Update April 22, 2022: The City of Philadelphia announced today that residents and visitors are strongly encouraged, but not required, to wear a mask in indoor public spaces. This change follows a recent leveling-off of case counts and a decrease in COVID-19 hospitalizations in the city.
All residents are permitted and encouraged to wear a mask in any setting. Businesses and other institutions are allowed to be more strict than the City’s COVID-19 policies, so some businesses may require proof of vaccination or require that everyone wears a mask. Schools may set their own mask policies, and it is strongly encouraged that students and teachers continue to keep each other safe by wearing a mask. Masks will continue to be required in healthcare settings and congregate settings such as nursing homes and shelters.
All information below was previously published.
The Health Department has announced that, as of Monday, April 11, 2022, the City is moving to Level 2: Mask Precautions. In order to provide a one-week education period for businesses, masks will be required in all indoor public spaces as of Monday, April 18. But, given the increasing cases, there’s no reason not to start wearing them today.
What are COVID-19 Response Levels?
In February, the City announced the COVID-19 Response Levels. These levels are a series of metrics intended to openly and transparently tie the City’s response to the pandemic to what’s actually happening with COVID-19 in Philadelphia. When cases go up, the City will implement mitigation measures intended to protect our communities. When cases go down and things become safer, the City will lift those measures. You can learn more about what metrics the Health Department is tracking, the current Response Level, and where the metrics are on the City’s COVID-19 website.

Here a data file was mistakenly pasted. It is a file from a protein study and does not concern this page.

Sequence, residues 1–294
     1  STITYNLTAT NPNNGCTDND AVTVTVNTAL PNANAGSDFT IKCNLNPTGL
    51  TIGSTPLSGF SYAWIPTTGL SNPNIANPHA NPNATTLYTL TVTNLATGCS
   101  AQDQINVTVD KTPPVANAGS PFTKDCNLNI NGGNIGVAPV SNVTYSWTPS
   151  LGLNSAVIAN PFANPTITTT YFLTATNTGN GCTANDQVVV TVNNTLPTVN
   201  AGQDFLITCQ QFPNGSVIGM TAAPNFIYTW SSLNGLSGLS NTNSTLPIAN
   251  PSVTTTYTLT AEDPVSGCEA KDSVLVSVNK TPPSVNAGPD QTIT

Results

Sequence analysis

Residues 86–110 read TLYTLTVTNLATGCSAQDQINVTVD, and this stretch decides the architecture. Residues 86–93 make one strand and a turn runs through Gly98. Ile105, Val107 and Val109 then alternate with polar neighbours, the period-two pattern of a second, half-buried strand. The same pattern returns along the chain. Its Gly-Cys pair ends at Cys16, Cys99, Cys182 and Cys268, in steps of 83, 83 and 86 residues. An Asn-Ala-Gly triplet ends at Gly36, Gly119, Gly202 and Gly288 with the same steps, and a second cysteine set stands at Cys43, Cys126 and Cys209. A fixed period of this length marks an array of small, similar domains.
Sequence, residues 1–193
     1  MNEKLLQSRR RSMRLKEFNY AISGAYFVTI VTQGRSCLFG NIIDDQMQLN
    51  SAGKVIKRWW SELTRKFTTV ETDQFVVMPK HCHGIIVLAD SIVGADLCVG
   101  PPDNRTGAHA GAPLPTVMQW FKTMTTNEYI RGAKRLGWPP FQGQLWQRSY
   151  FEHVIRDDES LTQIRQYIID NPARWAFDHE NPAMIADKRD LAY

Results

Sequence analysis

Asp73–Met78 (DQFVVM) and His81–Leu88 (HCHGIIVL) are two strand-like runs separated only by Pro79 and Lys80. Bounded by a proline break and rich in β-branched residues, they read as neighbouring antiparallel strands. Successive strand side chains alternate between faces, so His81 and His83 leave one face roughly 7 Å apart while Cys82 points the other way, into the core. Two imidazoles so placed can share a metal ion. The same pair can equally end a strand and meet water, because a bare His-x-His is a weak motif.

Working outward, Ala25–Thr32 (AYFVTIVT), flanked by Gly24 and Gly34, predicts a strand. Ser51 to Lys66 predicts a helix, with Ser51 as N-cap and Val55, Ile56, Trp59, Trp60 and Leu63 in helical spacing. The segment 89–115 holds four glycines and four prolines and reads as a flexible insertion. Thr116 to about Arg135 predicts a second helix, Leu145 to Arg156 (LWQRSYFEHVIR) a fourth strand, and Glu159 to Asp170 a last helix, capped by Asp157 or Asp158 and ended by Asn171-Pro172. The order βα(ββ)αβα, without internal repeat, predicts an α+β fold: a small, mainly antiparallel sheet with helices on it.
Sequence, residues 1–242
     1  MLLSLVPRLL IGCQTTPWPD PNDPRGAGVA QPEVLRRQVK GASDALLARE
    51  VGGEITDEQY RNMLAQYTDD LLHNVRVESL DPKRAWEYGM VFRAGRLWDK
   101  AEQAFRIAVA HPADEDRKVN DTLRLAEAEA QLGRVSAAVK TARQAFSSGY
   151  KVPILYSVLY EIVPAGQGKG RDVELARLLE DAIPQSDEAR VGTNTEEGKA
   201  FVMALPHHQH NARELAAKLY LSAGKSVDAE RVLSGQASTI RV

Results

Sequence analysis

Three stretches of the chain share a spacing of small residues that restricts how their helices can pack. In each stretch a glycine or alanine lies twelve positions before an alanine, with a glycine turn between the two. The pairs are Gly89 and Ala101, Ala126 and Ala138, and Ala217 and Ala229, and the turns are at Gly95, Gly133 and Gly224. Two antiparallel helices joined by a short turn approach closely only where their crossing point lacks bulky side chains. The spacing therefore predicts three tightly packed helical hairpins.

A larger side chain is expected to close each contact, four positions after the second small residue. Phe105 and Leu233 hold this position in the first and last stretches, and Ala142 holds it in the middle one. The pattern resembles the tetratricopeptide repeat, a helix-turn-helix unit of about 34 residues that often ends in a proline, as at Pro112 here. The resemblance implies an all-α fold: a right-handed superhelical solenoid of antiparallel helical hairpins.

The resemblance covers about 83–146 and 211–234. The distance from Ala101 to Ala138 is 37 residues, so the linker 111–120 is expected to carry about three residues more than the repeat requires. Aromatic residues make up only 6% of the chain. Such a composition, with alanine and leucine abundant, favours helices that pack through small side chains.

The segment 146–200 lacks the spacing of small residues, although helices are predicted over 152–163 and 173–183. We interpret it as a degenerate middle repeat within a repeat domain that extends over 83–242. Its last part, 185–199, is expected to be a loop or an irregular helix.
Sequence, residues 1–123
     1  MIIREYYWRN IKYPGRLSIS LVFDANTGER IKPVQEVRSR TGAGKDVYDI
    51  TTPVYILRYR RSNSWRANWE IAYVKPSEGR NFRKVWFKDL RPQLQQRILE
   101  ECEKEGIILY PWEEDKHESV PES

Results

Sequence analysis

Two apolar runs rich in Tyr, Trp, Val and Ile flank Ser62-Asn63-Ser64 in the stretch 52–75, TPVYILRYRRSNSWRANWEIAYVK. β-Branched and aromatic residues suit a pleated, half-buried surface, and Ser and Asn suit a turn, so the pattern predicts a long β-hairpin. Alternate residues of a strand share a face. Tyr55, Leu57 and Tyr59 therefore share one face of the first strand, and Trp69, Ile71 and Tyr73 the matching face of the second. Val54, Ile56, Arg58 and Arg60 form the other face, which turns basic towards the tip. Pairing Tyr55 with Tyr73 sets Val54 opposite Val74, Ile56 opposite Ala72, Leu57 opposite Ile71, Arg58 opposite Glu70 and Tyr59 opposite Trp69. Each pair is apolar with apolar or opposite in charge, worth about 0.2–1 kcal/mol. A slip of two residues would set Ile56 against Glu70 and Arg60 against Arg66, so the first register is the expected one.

Where are we now?
As of today, April 11, Philadelphia is averaging 142 new cases of COVID-19 each day. This number is more than 50% higher than the 84 average new cases that was reported ten days ago, on April 1. This means that not only are cases getting higher, they’re going up more quickly than the Health Department feels is safe. Hospitalizations have stayed steady around 50 for the last two weeks. Today, there are 46 people hospitalized in Philadelphia who have COVID-19.
When does this start?
Because of these metrics, the City will move into Level 2: Mask Precautions today. This means that masks will soon be required in all public indoor spaces, including schools, businesses, museums, restaurants, offices, and government buildings. Businesses and institutions can go mask-free if they require everyone on-site to be fully vaccinated and check vaccine status upon entry.
Businesses and institutions will be given a one-week education period for the City to provide education, and for businesses to put signs back up and notify their staff and patrons. Beginning on Monday, April 18, the City will begin enforcement of the mask mandate and asks that residents call 311 to report any business that is not complying with the mandate.
Why is the City doing this?
An ounce of prevention is worth a pound of cure. By implementing the mask mandate sooner rather than later, the Health Department hopes to keep the number of cases from skyrocketing, like we saw in December and January from the Omicron variant. If we can keep cases low, it will be less likely that our most vulnerable residents will be exposed. If we can keep cases low, we can protect our hospitals from being overrun, like they were in January. We know that masks work to protect us and our communities, so the sooner that Philadelphians start wearing them, the safer we all may be.
When will the mask mandate end?
The mask mandate is tied to the City’s COVID-19 Response Levels. Once we meet two of the three metrics in the All Clear Level, the Health Department will drop the mask mandate again. There was worry that Philadelphia would never reach Level 1: All Clear, but we did and we stayed there for a while, and we’re already looking forward to getting back there.
We hope to get back to All Clear soon, but we won’t leave our most vulnerable residents to navigate this pandemic on their own. We all play a part in ensuring the safety of our community. The sooner that we can stop this wave, the sooner we can get back to being all clear.